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The sed FAQ
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5.4. My RE isn't matching/deleting what I want it to. (Or, "Greedy vs. stingy pattern matching")

The two most common causes for this problem are: (1) misusing the '.' metacharacter, and (2) misusing the '*' metacharacter. The RE '.*' is designed to be "greedy" (i.e., matching as many characters as possible). However, sometimes users need an expression which is "stingy," matching the shortest possible string.

(1) On single-line patterns, the '.' metacharacter matches any single character on the line. ('.' cannot match the newline at the end of the line because the newline is removed when the line is put into the pattern space; sed adds a newline automatically when the pattern space is printed.) On multi-line patterns obtained with the 'N' or 'G' commands, '.' will match a newline in the middle of the pattern space. If there are 3 lines in the pattern space, "s/.*//" will delete all 3 lines, not just the first one (leaving 1 blank line, since the trailing newline is added to the output).

Normal misuse of '.' occurs in trying to match a word or bounded field, and forgetting that '.' will also cross the field limits. Suppose you want to delete the first word in braces:

       echo {one} {two} {three} | sed 's/{.*}/{}/'       # fails
       echo {one} {two} {three} | sed 's/{[^}]*}/{}/'    # succeeds

's/{.*}/{}/' is not the solution, since the regex '.' will match any character, including the close braces. Replace the '.' with '[^}]', which signifies a negated character set '[^...]' containing anything other than a right brace. FWIW, we know that 's/{one}/{}/' would also solve our question, but we're trying to illustrate the use of the negated character set: [^anything-but-this].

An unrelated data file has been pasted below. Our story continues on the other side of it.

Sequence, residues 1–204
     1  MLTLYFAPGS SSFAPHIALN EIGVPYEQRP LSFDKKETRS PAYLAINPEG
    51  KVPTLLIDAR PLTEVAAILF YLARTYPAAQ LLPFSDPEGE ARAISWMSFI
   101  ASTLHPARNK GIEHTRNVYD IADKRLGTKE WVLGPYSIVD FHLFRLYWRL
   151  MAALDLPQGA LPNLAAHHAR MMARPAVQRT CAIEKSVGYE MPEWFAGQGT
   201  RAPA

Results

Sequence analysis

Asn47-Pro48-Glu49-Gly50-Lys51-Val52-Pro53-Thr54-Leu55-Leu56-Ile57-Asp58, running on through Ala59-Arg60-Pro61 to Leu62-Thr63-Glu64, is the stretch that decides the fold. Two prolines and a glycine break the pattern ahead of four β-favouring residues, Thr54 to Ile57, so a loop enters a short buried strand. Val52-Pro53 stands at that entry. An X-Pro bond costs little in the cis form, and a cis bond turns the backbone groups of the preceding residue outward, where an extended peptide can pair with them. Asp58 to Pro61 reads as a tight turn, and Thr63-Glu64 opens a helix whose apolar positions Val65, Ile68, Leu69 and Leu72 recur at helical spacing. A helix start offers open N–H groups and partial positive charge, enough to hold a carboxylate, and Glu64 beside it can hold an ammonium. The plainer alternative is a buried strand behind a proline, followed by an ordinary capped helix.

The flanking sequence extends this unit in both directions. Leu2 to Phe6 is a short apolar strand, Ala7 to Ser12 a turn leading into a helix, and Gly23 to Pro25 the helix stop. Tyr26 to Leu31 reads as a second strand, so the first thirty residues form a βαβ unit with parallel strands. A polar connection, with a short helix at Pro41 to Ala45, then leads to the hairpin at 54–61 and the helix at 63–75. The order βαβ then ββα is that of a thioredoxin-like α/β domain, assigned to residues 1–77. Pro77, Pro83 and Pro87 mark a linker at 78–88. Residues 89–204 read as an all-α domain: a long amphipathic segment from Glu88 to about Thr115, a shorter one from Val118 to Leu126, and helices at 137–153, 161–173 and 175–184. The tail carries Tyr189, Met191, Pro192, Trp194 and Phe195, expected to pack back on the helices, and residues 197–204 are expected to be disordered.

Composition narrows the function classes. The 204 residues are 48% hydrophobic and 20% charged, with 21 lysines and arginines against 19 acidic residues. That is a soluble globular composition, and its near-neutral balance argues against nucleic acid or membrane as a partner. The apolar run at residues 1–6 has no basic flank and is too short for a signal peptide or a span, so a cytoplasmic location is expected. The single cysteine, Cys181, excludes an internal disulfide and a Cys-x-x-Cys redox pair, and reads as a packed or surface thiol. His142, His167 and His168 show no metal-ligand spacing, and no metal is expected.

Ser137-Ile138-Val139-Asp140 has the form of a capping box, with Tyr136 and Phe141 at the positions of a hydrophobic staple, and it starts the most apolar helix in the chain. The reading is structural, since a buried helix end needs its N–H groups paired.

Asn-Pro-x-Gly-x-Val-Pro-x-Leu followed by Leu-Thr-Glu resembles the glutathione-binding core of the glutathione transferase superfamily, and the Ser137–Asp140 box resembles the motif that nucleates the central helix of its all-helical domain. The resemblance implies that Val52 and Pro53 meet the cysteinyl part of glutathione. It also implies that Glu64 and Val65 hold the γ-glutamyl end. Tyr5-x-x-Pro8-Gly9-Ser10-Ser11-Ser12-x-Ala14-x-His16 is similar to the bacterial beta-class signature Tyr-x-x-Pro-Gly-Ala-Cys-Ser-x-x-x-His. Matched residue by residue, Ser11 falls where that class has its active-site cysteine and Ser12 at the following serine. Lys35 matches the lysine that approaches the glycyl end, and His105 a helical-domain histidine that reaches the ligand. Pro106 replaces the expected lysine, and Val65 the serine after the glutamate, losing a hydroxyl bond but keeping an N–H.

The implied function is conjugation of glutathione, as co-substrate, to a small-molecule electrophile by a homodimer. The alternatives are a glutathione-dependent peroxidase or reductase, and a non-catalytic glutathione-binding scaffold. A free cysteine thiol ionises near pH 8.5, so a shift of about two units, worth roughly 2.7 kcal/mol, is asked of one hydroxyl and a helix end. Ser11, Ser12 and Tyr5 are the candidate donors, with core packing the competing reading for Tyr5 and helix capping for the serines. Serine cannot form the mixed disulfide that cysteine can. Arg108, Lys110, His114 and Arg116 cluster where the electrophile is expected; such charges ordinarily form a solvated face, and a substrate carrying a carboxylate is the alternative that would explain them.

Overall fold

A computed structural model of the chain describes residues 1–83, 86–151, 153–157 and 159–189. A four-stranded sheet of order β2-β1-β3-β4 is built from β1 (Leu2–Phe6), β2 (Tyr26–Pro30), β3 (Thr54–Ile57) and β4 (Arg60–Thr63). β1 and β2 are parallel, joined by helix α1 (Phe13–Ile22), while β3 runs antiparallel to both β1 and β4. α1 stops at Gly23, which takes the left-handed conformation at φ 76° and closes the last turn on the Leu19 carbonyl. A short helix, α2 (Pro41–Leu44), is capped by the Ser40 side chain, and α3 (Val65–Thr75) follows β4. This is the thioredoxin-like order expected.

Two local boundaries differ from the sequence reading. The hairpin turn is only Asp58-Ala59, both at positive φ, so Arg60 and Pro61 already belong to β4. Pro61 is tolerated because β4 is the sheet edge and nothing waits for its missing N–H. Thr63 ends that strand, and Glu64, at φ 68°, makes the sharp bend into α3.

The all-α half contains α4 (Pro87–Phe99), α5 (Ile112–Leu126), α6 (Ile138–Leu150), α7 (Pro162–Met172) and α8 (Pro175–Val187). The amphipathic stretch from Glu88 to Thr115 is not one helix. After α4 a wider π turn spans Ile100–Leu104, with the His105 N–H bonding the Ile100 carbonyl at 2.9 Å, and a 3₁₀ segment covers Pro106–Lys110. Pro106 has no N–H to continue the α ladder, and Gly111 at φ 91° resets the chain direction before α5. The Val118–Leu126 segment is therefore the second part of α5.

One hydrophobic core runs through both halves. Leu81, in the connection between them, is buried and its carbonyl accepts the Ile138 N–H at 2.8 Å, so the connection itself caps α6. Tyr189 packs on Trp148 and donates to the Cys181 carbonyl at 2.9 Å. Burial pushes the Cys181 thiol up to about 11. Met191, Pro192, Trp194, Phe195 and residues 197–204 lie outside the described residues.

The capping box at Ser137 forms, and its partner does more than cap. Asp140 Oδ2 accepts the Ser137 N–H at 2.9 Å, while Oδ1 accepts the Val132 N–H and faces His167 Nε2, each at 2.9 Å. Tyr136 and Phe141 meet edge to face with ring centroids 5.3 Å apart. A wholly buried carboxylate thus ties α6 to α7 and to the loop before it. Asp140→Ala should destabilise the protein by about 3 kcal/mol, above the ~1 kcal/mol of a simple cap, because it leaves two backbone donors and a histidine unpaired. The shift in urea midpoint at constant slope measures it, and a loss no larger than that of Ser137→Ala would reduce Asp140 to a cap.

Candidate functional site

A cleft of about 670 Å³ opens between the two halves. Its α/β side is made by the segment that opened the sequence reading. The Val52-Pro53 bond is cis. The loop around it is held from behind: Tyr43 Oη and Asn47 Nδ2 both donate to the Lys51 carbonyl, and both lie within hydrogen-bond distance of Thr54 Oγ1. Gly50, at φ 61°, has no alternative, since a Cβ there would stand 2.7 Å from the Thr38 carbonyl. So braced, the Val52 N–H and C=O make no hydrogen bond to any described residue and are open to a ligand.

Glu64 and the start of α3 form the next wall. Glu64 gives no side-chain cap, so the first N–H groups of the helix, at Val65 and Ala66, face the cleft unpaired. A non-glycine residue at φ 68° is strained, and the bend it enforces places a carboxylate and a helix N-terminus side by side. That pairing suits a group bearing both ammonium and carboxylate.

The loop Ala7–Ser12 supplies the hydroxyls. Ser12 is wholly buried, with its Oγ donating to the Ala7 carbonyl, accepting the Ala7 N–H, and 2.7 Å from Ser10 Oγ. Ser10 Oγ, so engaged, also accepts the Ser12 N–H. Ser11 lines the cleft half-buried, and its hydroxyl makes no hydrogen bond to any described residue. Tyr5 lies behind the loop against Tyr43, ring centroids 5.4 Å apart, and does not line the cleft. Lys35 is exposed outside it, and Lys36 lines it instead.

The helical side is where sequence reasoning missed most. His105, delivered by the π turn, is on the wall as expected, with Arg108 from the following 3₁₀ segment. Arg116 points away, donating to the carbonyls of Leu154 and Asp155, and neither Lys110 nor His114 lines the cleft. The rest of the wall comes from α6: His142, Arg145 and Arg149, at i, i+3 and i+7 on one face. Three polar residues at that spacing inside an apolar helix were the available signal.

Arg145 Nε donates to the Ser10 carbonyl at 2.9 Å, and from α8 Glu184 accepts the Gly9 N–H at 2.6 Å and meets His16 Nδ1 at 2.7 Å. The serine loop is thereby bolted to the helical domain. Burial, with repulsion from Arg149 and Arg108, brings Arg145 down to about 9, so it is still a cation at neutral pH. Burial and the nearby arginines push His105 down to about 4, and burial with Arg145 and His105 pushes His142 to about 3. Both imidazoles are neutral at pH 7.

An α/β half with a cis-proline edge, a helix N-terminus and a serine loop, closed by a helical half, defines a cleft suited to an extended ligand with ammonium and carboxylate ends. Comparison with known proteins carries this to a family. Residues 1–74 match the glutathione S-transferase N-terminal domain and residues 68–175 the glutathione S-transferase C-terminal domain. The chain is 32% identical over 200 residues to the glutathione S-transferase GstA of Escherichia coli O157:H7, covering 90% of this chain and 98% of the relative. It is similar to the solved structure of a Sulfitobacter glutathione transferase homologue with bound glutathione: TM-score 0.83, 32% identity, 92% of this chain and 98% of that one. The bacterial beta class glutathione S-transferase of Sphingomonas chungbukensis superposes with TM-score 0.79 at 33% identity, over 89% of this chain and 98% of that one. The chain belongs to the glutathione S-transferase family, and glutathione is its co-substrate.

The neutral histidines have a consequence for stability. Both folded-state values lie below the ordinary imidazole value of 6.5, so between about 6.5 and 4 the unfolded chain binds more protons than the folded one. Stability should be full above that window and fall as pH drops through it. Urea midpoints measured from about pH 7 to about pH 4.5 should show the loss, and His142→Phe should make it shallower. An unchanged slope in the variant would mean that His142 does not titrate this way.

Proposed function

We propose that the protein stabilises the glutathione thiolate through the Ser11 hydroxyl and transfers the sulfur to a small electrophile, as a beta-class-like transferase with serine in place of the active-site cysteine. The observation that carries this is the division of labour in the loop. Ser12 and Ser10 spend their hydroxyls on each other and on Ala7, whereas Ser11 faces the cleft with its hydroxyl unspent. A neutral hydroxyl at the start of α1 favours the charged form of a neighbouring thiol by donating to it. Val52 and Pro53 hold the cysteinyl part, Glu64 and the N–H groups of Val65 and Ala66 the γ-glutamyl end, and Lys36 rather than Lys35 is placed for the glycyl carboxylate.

A negated character set should be used for matching words between quote marks, for fields separated by commas, and so on. See also section 4.12 ("How do I parse a comma-delimited data file?").

(2) The '*' metacharacter represents zero or more instances of the previous expression. The '*' metacharacter looks for the leftmost possible match first and will match zero characters. Thus,

       echo foo | sed 's/o*/EEE/'

will generate 'EEEfoo', not 'fEEE' as one might expect. This is because /o*/ matches the null string at the beginning of the word.

After finding the leftmost possible match, the '*' is GREEDY; it always tries to match the longest possible string. When two or three instances of '.*' occur in the same RE, the leftmost instance will grab the most characters. Consider this example, which uses grouping '\(...\)' to save patterns:

       echo bar bat bay bet bit | sed 's/^.*\(b.*\)/\1/'

What will be displayed is 'bit', never anything longer, because the leftmost '.*' took the longest possible match. Remember this rule: "leftmost match, longest possible string, zero also matches."

The sed FAQ
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   Reprinted courtesy of Eric Pement. Also available at Design by Interspire